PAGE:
MEMORANDUM OPINION AND ORDER
MILTON I. SHADUR, UNITED STATES DISTRICT JUDGE
Alonzo Jones ("Jones") initially sued 16 state prison officials and employees at Stateville Correctional Center ("Stateville") in this 42 U.S.C. § 1983 ("Section 1983") lawsuit, alleging the officials had visited cruel and unusual punishment on him in violation of the Eighth Amendment.
After suffering the dismissal followed by reversal-and-remand as outlined a bit later in this opinion, the action found its way to this Court's calendar, and the case is at long last ripe for final resolution.
As the first scene in this final act, Jones moved for summary judgment against nine defendants, and all defendants
moved for summary judgment. Further discovery ensued, as the result of which Jones voluntarily dismissed all but four of the defendants: Lex Jones, Donald Knudsen ("Knudsen") and Eugene Krause ("Krause") (collectively "Chief Engineers") and Richard DeRobertis ("DeRobertis"). That has left pending (1) cross-motions for summary judgment between Jones and the Chief Engineers and (2) DeRobertis' motion for summary judgment against Jones. For the reasons stated in this memorandum opinion and order, the Chief Engineers' and DeRobertis' motions are granted, Jones' motion is denied and this action is dismissed.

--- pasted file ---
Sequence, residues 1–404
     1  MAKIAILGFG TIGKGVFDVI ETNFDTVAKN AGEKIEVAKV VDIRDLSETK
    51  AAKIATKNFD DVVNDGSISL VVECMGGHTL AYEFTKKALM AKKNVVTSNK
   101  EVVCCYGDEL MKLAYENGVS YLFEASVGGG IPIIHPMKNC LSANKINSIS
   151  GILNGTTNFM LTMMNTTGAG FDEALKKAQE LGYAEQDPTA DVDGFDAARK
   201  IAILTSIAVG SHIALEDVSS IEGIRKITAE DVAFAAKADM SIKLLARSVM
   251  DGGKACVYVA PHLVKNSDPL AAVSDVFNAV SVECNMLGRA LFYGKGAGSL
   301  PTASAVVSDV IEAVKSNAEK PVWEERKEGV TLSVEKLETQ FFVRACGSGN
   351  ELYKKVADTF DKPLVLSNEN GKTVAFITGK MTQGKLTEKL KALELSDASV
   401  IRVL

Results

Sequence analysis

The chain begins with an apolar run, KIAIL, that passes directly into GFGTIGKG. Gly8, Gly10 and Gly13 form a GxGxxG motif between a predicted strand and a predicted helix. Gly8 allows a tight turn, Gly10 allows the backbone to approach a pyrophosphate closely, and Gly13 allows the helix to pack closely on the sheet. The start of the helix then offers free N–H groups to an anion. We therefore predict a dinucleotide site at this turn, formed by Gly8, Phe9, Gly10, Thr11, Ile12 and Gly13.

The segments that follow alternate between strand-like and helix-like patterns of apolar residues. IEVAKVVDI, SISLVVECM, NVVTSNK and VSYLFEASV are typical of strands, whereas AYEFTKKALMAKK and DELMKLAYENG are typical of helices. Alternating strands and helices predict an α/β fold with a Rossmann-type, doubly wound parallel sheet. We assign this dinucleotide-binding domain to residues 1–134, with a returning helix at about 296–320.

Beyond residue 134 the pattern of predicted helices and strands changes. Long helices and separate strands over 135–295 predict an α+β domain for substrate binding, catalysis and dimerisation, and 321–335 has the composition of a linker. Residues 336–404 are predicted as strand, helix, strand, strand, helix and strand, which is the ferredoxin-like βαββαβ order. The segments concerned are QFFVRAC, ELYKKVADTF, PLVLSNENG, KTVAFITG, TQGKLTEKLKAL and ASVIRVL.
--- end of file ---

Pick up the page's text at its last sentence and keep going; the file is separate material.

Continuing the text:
Jones has been a Stateville inmate since 1977. Until 1981 he worked there as a plumber, often performing services in the Cellhouse B plumbing tunnel. That "tunnel" is five stories high, and work is performed on scaffolding consisting of foot-wide wooden planks spanning the piping.
On January 19, 1981 Jones was performing routine maintenance work on the scaffolding in Cellhouse B (pursuant to his orders) when the board on which he was standing fractured. Jones began to fall, but he was able to stop his fall by grabbing a nearby pipe. In the process he wrenched his back and was struck by a simultaneously falling tool box.
On December 5, 1983 Jones filed his pro se Complaint here. It was assigned to then Chief Judge Frank McGarr, who dismissed the Complaint under 28 U.S.C. § 1915(d) for its having failed to state an Eighth Amendment claim. That dismissal was reversed by our Court of Appeals in the "Opinion," 777 F.2d 1277 (7th Cir. 1985),
which sustained the Complaint's allegation that defendants had acted with reckless disregard of Jones' rights and safety (more on this later). This Court inherited the case on remand.
During the post-remand discovery period Jones attempted to determine which of the 16 defendants potentially bore legal responsibility for his injury. Originally lacking that information, he had joined both "low level" employees (such as the Chief Engineers, who allegedly received complaints directly from scaffold users) and "upper level" people (such as administrative officials who may have had final responsibility for assuring action on such complaints).
Ultimately Jones decided liability could not be attributed to any of the upper level defendants other than DeRobertis. Although Jones had been pursuing summary judgment motions against six upper level defendants (but not DeRobertis), he voluntarily dismissed this action against all upper level people except DeRobertis. That left as defendants only the latter and the three Chief Engineers identified earlier.